Air cannon systems that are currently in operation may also benefit from new air-saving technology. Martin Engineering’s BIG BLASTERÆ XHV TORNADO Air Cannons can be equipped with a Piston Return Reservoir that will close the valve after approximately 50% of the volume has been discharged. The Piston Return Reservoir, also known as a “Canister”, is a pneumatic device that momentarily interrupts the exhaust of the air cannon’s quick exhaust valve. This interruption allows the valve’s pressure to equalize with the tank’s pressure, enabling the return spring to close the piston while the tank is still half-pressurized. The air cannon’s peak force is unaffected by this process, meaning that the same amount of work can be done with using only one-half the compressed air.

In other words, when equipped with a Piston Return Reservoir, the air cannon produces an initial blast of the same strength, but the duration of that blast (the aftershock, if you will,) is reduced. Instead, some air is retained in the air cannon tank, minimizing the overall air consumption without reducing the initial output force. Because the air cannon’s main air tank never empties completely, the amount of air required to fill that tank after every discharge is reduced.

The performance of air cannon system before and after the installation of the Piston Return Reservoir is shown in Figures 1 and 2.

    
  Figure 1
Force and pressure curves of a typical air cannon blast. The blast force output reaches its peak in the moments just after the valve is opened and is reduced as the tank pressure approaches zero.
   
    
  Figure 2
Force and pressure curves of an air cannon blast using the Piston Return Reservoir (canister). As the canister pressure approaches the tank pressure, the valve is closed with approximately 50% of the original pressure remaining in the tank. Closing the valve mid-blast does not affect the peak force output.
   

Figure 1 shows the force and pressure curves of a typical air cannon blast. The blast force output reaches its peak in the moments just after the valve is opened and is reduced as the tank pressure approaches zero.

Figure 2 shows the force and pressure curves of an air cannon blast using the Piston Return Reservoir (Canister). As the canister pressure approaches the tank pressure, the valve is closed with approximately 50% of the original pressure remaining in the tank. The peak force output has remained the same; but the addition of the Piston Return Reservoir has reduced the overall air consumption by 50 percent. This reduces the drain on the plant air system, and saves the plant money.

The return on investment derived from the compressed air savings for installing Piston Return Reservoir on a typical BIG BLASTERÆ XHV TORNADO air cannon system is approximately 18 months. Plants operating standard BIG BLASTERÆ XHV air cannons can also take advantage of the air savings by upgrading their valves with a TORNADO Exhaust Valve and Canister combination.

An Upgrade Case History

A Midwestern US cement plant operated a system of four BB4-2030 BIG BLASTERÆ XHV TORNADO Air Cannons on their limestone quarry’s primary crusher. This system, which had a fast cycle time of 30 seconds between firings, demanded 7 cubic meters of free air per minute (250 cfm) at 6.5 bar (95 psi).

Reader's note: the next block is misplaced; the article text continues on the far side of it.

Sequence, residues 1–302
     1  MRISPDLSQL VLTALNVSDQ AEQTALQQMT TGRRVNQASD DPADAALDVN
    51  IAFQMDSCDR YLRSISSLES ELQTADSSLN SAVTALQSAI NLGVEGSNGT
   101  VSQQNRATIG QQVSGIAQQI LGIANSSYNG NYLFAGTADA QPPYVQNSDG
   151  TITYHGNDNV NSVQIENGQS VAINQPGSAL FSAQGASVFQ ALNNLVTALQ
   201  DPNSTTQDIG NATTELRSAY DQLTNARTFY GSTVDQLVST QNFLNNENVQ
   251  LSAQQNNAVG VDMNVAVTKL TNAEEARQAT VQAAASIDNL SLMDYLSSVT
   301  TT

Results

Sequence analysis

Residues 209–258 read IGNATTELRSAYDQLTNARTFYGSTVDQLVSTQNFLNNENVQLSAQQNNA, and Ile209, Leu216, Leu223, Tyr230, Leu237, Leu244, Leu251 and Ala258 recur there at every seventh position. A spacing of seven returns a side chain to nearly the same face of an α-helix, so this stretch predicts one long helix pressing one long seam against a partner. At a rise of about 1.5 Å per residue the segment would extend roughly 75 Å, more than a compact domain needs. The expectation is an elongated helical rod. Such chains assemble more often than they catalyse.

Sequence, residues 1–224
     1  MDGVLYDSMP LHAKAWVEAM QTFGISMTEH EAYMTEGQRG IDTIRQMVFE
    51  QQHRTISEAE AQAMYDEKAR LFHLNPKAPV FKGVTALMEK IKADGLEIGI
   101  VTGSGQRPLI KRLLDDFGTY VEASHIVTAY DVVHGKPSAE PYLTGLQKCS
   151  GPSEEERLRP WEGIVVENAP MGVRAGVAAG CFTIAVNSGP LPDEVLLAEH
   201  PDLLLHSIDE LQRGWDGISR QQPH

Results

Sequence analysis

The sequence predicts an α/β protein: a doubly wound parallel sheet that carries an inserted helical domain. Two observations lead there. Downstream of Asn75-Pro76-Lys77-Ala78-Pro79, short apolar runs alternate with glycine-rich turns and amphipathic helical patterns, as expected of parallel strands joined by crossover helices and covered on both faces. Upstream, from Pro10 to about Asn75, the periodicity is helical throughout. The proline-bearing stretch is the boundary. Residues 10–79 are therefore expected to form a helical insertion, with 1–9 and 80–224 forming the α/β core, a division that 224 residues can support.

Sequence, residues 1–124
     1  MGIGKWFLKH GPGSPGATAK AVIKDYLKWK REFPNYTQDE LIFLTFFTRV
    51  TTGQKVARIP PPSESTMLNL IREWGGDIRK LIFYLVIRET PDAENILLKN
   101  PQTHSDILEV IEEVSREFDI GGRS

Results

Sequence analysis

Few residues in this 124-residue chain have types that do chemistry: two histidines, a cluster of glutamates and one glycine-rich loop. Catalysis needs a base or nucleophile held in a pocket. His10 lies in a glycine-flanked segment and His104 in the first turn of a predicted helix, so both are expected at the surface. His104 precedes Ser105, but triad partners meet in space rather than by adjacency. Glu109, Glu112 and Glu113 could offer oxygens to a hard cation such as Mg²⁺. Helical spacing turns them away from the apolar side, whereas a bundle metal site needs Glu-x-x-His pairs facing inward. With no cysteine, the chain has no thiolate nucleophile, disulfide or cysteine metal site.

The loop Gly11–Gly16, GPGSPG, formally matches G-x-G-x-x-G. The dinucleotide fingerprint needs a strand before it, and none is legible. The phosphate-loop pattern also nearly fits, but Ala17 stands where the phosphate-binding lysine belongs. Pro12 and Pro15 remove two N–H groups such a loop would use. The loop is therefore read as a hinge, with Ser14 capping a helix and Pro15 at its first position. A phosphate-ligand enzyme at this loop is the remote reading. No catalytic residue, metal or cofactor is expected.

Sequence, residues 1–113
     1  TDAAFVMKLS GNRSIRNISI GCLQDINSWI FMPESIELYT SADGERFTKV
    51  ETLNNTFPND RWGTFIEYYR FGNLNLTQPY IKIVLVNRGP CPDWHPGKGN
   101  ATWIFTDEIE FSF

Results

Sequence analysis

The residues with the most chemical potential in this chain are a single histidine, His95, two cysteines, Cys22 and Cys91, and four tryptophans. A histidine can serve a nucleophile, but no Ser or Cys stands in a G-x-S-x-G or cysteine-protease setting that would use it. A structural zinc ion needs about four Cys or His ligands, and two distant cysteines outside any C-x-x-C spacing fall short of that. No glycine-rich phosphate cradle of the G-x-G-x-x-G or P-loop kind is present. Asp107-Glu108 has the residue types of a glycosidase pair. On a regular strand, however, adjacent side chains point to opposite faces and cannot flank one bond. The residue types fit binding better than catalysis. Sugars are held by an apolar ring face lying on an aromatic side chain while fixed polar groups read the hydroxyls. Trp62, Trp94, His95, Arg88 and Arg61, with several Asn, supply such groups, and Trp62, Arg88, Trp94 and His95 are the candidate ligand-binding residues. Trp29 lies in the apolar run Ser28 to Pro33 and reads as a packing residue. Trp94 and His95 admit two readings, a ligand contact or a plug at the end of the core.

When operating conditions required additional cleaning capacity, four BIG BLASTERÆ HURRICANE Air Cannons were added to the crusher’s system. However, the plant’s compressed air system could not support the 35% increase in air flow demanded by the new air cannons, and the system’s pressure was reduced to 4.5 bar (65 psi). The force output from the air cannon system was correspondingly reduced by 30%, negatively affecting the cleaning performance of the system. In short, the plant had added additional air cannons, but was suffering reduced performance of the entire air cannon system because of the added air consumption.

    
 
BIG BLASTERÆ XHV TORNADO (left) and HURRICANE Air Canons (two on right) installed on a cement plant’s primary crusher.
   

To overcome this challenge, Piston Return Reservoirs were added to each of the four original BB4-2030 BIG BLASTERÆ XHV TORNADO Air Cannons, cutting their compressed air demand by half. As a result, the operating pressure was raised back to 6.5 bar (95 psi), and the force output of air cannons was raised by 30%. This allowed the system to remove the tough material buildups and keep production running smoothly.

    
 
Piston Return Reservoirs installed on BIG BLASTERÆ XHV TORNADO Air Cannons.
   

Conclusion:

Improving Air Cannon Efficiency Pays Off

To reduce air costs, reduce air consumption.

On new air cannon installations, the selection of an efficient valve such as the BIG BLASTERÆ HURRICANE Air Cannon Valve from Martin Engineering will provide effective material movement with reduced compressed air usage.

To reduce air consumption of existing air cannon system —without reducing peak output force—minimize the length of the blast, by installing a Piston Return Reservoir on BIG BLASTERÆ XHV TORNADO Air Cannons.

Other models of air cannons can take advantage of air savings by upgrading with MARTINÆ XHV TORNADO Valve and Canister technology.

The benefits of selecting efficient valve technology for new air cannon projects, and of upgrading existing air cannon systems include: reduced energy costs, improved air cannon performance, and increased compressed air capacity for other processes within the plant.

 

Footnote: Department of Energy Document DOE/GO-102000-0986, December 2000, Compressed Air Tip Sheet #1

 

Author Information

Chris Schmelzer is Flow Aid Products Manager for Martin Engineering USA. He holds a BS and an MBA from Western Illinois University. 

Martin Engineering (Neponset, Illinois) is the originator and leader in air cannon technology. Founded in 1944, the company has operations around the world to make bulk materials handling cleaner, safer, and more productive. www.martin-eng.com.